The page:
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June 22, 2011 | By Melissa Healy, Los Angeles Times / For the Booster Shots Blog
The U.S. Department of Health and Human Services on Tuesday unveiled a group of graphic images and messages that will cover the top half of every cigarette package in the United States starting in fall 2012. FOR THE RECORD: An earlier version of this post said graphic images meant to warn of tobacco's health hazards would appear on cigarette packs beginning this fall. They will appear on packs beginning in fall 2012. Food and Drug Administration Commissioner Margaret Hamburg said her agency estimated that the new campaign could induce as many as 213,000 established smokers in the United States to quit in its first year.
April 25, 2011 | By Melissa Healy, Los Angeles Times
The Food and Drug Administration announced Monday that it will act to ensure the government's right to impose marketing, manufacturing and safety restrictions on "electronic cigarettes," a nicotine delivery device widely billed as an alternative to cigarettes for those trying to quit and for smokers who can't light up. In a letter posted to the FDA's website Monday, Dr. Lawrence R. Deyton, director of the FDA's Center for Tobacco Products, said...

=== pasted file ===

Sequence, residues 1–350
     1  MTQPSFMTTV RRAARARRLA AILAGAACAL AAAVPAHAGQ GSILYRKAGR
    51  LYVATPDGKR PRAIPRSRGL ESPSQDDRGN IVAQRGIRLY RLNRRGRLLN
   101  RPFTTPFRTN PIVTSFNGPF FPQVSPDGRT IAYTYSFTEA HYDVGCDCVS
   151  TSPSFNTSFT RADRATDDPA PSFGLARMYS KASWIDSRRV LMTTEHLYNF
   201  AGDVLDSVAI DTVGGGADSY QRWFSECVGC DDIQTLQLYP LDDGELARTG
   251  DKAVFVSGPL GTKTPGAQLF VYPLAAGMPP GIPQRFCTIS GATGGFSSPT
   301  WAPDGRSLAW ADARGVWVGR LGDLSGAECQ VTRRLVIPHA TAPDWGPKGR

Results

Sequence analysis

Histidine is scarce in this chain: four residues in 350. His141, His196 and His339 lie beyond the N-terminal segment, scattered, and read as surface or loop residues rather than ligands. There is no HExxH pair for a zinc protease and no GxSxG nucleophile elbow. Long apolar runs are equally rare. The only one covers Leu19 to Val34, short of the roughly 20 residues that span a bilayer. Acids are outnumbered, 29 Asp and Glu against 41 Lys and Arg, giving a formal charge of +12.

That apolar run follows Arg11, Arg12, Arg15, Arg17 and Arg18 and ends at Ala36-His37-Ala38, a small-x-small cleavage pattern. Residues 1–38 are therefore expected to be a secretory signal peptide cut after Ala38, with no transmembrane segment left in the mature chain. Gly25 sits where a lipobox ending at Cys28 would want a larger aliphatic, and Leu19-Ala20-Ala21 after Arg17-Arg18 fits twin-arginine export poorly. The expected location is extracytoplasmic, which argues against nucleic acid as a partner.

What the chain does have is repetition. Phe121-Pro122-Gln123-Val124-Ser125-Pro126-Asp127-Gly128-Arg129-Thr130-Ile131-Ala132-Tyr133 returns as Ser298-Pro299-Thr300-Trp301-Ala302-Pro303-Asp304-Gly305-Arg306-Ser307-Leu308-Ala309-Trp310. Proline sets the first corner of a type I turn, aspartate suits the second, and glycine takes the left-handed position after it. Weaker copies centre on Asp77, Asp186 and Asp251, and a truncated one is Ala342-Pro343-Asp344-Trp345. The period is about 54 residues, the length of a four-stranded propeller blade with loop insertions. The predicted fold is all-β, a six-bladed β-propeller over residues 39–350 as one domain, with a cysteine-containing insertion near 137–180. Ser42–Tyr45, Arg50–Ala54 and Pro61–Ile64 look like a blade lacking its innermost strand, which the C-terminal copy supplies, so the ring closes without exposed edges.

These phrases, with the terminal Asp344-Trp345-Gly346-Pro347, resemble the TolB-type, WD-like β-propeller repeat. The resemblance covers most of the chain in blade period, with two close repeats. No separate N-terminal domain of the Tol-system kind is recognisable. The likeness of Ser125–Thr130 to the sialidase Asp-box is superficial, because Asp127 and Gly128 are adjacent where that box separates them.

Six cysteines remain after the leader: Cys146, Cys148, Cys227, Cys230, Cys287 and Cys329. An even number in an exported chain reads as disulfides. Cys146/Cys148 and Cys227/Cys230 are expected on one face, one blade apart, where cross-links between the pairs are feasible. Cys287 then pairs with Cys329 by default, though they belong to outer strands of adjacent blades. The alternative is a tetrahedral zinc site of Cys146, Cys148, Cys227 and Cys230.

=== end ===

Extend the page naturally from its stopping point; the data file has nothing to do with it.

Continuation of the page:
March 25, 2011 | By Andrew Zajac, Washington Bureau
It's not often a tobacco company gets released from government regulation without asking. But that's apparently what happened to Star Scientific Inc. after it asked the Food and Drug Administration to treat two versions of its smokeless, dissolvable tobacco lozenges as "modified risk" because they contain lower levels of carcinogens than other tobacco products. The FDA responded that the products aren't considered smokeless tobacco at all and don't come under the 2009 tobacco law, according to a Star Scientific announcement on Wednesday.
March 18, 2011
A Food and Drug Administration advisory panel says the removal of menthol cigarettes from the U.S. market would benefit public health. The agency's Tobacco Products Scientific Advisory Committee on Friday said the minty smokes hurt public health and offer no benefits. It was unclear whether the panel is recommending an outright ban of the cigarettes that are a key area for growth in the shrinking cigarette market. Many panels like the tobacco committee advise the FDA on scientific issues.
March 9, 2011 | By Janet Stobart, Los Angeles Times
LONDON — Britain's Department of Health announced a ban on displaying cigarettes in stores around the country on Thursday, the nation's annual "no smoking day. " The action relegates cigarettes to a product kept below the counter. The new law will be introduced gradually, according to a statement from the health agency. It says that in large stores and supermarkets, the visible display of cigarettes, cigars and tobacco products will be illegal from April 2012, while in smaller stores it goes into force in 2015, "except for temporary displays in certain limited circumstances.
February 27, 2011 | By Maeve Reston, Los Angeles Times